After decoupaging the paper on the board and letting it dry, I attached a piece of braided hemp trim under the clip and with some very professional masking tape to the back so I could display smaller things on the board. Feeling very Martha-ish, I found some silver leaf beads in my bead stash and put them on the paperclips. Now as I stand at my sink I can read my verses and bits of encouragement. Makes me happy. Makes me want to raise my right hand in the air and give myself a pat on the back like my first grade teacher taught us to do.

Thursday, October 15, 2009

War Eagle Mill

A few weekends ago, we ventured out to visit one of my favorite places in our state. It's called War Eagle Mill. There is a little something for everyone, an amazing old building, food, history, a river with a spillway, and lots of rocks to throw in the water. That cover the major interests of everyone in our family so a trip to War Eagle makes everyone happy. I'll let you guess which parts I like the best. The drive out there is beautiful with windy mountain roads and fabulous views. As you approach the mill you cross over an old one lane bridge and from there you get the best view of the water wheel. This is one of the only operating grist mills left in the country and the history of the place is quite an education. Three times the building has been destroyed and rebuilt. The current owners run the mill, a large store and on the third floor, a restaurant called the Bean Palace. That name just makes me happy.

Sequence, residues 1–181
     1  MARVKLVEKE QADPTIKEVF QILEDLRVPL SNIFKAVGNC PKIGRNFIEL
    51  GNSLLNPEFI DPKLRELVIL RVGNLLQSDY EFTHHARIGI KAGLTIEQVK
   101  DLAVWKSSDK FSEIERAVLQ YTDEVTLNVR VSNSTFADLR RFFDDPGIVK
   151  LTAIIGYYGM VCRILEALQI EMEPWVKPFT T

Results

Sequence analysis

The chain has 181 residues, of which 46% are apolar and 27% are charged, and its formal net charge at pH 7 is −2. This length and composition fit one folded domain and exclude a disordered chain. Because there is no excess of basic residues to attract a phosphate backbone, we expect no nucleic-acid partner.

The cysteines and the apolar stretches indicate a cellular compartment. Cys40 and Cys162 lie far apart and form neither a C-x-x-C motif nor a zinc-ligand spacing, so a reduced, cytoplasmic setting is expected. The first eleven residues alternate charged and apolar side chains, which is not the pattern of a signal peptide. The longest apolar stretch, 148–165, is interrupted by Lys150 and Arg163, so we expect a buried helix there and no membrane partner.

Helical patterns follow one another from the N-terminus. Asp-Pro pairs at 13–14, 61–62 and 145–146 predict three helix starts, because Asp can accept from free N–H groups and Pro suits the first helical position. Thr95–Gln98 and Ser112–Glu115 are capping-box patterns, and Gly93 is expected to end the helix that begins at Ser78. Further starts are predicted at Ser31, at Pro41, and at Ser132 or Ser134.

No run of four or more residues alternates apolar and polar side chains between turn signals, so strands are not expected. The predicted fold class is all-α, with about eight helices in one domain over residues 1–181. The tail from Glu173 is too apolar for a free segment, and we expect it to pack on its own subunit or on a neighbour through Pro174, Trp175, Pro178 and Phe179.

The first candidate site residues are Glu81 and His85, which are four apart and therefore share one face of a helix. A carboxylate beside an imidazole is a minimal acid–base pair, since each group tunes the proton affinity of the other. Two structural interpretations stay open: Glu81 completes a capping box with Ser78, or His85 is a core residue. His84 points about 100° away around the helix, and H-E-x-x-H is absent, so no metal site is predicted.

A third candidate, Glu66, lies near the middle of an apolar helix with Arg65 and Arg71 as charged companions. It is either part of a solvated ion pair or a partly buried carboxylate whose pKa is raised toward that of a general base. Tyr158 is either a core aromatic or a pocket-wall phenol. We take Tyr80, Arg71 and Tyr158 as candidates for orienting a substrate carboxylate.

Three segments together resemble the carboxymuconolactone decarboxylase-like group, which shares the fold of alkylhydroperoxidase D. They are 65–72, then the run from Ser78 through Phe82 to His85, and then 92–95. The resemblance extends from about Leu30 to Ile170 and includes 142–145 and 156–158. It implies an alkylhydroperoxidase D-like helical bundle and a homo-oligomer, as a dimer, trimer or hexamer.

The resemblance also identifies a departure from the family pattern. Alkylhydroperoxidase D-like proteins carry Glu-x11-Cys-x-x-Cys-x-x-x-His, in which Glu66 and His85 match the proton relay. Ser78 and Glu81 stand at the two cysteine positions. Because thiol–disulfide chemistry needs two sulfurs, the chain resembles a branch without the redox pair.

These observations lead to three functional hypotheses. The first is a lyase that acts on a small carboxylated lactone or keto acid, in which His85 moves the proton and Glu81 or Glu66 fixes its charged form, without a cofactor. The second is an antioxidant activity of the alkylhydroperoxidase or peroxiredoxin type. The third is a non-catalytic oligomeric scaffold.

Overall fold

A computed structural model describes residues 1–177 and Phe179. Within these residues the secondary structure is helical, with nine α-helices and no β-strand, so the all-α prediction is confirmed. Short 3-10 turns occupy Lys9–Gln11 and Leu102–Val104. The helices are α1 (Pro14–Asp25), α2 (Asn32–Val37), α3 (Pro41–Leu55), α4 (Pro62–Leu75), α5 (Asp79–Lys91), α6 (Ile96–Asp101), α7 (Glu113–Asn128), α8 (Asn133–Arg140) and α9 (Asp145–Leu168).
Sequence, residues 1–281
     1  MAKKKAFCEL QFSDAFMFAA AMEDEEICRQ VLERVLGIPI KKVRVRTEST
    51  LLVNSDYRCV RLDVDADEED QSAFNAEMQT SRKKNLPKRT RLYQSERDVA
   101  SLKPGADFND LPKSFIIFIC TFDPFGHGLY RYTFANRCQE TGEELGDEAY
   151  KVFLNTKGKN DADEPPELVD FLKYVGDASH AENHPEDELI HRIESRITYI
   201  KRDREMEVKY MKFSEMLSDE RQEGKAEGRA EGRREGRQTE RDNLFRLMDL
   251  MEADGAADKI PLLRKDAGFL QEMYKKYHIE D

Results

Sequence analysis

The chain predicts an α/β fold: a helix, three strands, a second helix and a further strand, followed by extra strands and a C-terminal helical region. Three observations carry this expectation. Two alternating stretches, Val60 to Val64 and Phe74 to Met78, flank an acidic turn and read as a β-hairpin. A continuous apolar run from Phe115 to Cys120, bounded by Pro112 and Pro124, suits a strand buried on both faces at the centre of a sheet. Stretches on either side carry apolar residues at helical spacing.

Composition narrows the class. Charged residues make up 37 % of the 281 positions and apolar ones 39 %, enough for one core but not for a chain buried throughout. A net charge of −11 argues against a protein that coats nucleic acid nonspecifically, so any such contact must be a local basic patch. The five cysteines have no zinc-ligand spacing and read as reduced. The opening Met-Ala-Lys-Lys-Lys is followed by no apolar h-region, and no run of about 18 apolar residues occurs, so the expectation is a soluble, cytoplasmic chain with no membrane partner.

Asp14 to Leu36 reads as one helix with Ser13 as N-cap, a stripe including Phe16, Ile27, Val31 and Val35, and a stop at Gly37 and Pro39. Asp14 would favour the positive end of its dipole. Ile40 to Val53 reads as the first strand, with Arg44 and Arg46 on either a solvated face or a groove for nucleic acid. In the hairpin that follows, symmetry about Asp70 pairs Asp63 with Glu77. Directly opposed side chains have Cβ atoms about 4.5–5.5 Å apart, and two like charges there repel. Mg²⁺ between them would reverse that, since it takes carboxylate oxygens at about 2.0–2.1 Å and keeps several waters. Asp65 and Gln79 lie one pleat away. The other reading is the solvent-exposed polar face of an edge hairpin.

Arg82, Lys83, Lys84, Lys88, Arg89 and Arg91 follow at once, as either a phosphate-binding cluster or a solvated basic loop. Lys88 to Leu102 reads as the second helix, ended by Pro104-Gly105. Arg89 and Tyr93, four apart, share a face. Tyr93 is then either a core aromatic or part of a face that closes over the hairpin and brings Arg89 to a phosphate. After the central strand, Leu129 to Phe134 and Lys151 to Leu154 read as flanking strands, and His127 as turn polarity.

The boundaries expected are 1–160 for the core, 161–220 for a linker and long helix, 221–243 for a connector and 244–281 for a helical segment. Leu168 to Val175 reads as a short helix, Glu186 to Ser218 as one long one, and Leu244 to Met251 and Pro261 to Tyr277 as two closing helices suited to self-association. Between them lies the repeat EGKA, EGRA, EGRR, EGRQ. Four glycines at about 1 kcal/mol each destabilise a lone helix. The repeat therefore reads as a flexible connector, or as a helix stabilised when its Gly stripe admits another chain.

On the first floor is where the flour, cornmeal, jams, jelly, honey and other things are sold. All the flour and cornmeal is packaged in cotton prints that really add to the charm of the store. I bought a 10 pound sack of yellow corn meal for myself after Big Sister chose the flour sack material she preferred. She has a collection of flour sacks from War Eagle that she uses alternately for doll beds and bags. After she viewed all the choices she settled on a pink flowered stripe pattern. That girl knows her fabric!

Here is a view of Baby and the mill. The corn falls down in the funnel shaped thing and the grindstones are underneath it. The big wheel in the background is powered by the belt that runs down below to the waterwheel. It's pretty loud in there when it's running but the kids love it. They have displays of different grains and what the flour they each make.